Eeeeeee Haaawwwwwww!!

There are two things you should know about Arizona teabagger Rep. Paul Gosar: He is a dentist who somehow made it into Congress, and he's one of the reasons we Can't Have Nice Things. Gosar is fighting a proposal to declare a new national monument on land surrounding Grand Canyon National Park, which would protect 1.7 million acres of land from uranium mining. Not that he'd ever be so crass as to say he's in favor of adding runoff from uranium mines to the Colorado River watershed, of course not. But just think how pretty the Canyon could be if it glowed at night!

Instead, Gosar is framing the proposed monument as a "Government Land Grab," and has scheduled a "listening session" Monday in Kingman, Arizona, so that he and the public can listen to "testimony from more than 20 Arizona witnesses" about the supposed perils of protecting land around the Grand Canyon. The handpicked witnesses will represent a broad range of ordinary Arizonans, including a whole lot of ordinary representatives of ordinary mining companies and ordinary anti-federal-anything groups. Our favorite is the "American Clean Energy Resources Trust," which might sound like it's about windmills and solar, but represents uranium mining interests. There'll even be TWO representatives of anti-monument activist group "Arizona Liberty," a group of "STRONG supporters of the Constitution of the United States of America AS WRITTEN," and if that doesn't sound patriotic and just a little bit loony, we don't know what does.

The potential monument, which would be called the "Greater Grand Canyon Heritage National Monument," was proposed by Tucson congressman Raúl Grijalva late last year, and has the backing of leaders of the Havasupai, Hualapai, Navajo, and Hopi tribes, who joined Grijalva for a press event when he announced the bill. Native American tribes and environmentalists have been fighting attempts to mine uranium near the Grand Canyon for decades, and Grijalva's bill is an attempt to permanently protect the area.

Sierra Club

Unfortunately, there's also a lot of money to be made from digging uranium out of the area around the Grand Canyon -- the park itself is protected of course, but existing and proposed mines still pose a threat, said Grijalva:

"Mining so close to the Canyon could seriously impair the region’s ecosystems: wreaking havoc on the landscape, drying up critical seeps and springs, disturbing fish and wildlife, and releasing toxic chemicals into the environment," he wrote in a letter to former U.S. Interior Secretary Ken Salazar about the practice.

"With mining claims positioned so close to the Canyon and the Colorado River, a range of contaminants from heavy metals to uranium could also degrade the downstream water supply, impacting a water supply relied on by millions of Americans. Not to mention the fact that uranium mining produces permanent radioactive waste, an environmental toxin which must be disposed of in an urgent, safe manner."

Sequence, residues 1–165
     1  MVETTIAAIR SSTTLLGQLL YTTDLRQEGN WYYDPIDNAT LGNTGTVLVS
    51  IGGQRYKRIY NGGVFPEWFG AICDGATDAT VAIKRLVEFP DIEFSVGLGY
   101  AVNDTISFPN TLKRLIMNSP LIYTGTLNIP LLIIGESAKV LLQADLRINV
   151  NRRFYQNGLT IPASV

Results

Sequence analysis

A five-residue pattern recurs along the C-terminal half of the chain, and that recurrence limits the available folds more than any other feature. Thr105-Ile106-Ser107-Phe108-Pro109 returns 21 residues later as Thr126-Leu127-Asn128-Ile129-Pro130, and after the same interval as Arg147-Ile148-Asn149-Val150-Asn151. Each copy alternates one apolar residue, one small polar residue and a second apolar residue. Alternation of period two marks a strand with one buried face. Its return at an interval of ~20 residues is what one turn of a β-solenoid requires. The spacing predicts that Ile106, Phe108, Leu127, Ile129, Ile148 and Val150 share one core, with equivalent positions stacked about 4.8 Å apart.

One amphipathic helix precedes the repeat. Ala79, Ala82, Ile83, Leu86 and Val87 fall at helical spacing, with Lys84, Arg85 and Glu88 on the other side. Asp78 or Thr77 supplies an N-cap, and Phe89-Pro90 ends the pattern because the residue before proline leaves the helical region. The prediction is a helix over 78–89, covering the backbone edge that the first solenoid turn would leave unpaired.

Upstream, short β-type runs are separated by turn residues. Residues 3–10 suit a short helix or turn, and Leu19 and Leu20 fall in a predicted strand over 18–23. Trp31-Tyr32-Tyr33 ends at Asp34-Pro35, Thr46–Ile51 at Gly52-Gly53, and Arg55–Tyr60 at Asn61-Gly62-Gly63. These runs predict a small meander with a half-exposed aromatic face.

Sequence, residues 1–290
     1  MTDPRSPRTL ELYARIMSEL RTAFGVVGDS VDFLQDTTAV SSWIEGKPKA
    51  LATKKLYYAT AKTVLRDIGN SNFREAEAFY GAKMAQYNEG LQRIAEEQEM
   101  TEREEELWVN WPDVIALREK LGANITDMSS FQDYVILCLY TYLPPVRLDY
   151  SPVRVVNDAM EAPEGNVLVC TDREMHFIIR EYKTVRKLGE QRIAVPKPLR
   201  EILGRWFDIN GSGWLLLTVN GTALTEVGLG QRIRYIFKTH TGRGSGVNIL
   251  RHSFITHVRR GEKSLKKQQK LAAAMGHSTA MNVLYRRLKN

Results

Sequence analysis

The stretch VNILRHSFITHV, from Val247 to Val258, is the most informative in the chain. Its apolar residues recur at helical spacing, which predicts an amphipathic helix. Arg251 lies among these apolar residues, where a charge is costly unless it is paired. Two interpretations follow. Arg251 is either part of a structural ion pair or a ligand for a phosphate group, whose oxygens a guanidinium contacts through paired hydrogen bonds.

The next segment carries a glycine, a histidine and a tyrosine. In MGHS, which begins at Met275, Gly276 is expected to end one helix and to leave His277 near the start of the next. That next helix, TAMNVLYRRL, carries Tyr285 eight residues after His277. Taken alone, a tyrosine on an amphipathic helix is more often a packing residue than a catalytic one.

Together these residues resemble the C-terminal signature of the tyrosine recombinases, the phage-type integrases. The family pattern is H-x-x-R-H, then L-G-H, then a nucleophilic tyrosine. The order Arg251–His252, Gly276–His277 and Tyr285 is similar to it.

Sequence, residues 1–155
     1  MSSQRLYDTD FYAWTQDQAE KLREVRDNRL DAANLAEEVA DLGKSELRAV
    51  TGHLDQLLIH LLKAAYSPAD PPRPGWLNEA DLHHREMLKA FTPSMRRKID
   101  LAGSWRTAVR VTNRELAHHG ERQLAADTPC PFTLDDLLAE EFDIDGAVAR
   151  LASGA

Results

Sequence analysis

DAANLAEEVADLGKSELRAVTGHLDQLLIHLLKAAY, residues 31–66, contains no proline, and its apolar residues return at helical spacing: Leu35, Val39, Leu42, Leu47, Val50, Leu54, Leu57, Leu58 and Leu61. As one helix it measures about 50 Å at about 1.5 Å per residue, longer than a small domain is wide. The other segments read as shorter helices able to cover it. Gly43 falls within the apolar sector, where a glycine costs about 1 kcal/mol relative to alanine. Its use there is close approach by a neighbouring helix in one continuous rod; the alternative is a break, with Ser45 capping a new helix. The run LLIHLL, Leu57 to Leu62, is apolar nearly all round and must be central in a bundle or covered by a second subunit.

Grijalva's bill doesn't have much chance of passing the Republican-controlled House, but there's another way for national monuments to come into existence: the Antiquities Act of 1906 gives the president the power to simply declare an area a national monument, and has been used by presidents from Teddy Roosevelt to Barack Obama to protect sensitive lands. Last year, Gosar launched his own bill, an unsuccessful attempt to prohibit any national monument for the Grand Canyon watershed.

Naturally, the threat that Barack Obama might go mad with power is part of Gosar's schtick in fighting against the Grand Canyon National Heritage Monument: It's another of those darned federal land grabs opposed not only by mining companies, but also by welfare ranchers and militia loons, so Gosar's announcement of Monday's "listening session" leans heavily on the "federal overreach" rhetoric:

Just look right there, you can see Obama wants to take our land and probably give it to Mexico while he's at it! All Gosar wants is to keep the public involved in the land management process, and by "public," he means the mining industry, which is, after all, you and me. If you're in the mood for hearing some Authentic Anti-Government gibberish, the listening session will be livestreamed on Rep. Gosar's Facebook page starting at 10:00 a.m. Eastern; you may want to wear a lead apron just in case.

[Phoenix New Times / Rep. Paul Gosar DDS / Phoenix New Times]

Doktor Zoom

Doktor Zoom's real name is Marty Kelley, and he lives in the wilds of Boise, Idaho. He is not a medical doctor, but does have a real PhD in Rhetoric. You should definitely donate some money to this little mommyblog where he has finally found acceptance and cat pictures. He is on maternity leave until 2033. Here is his Twitter, also. His quest to avoid prolixity is not going so great.

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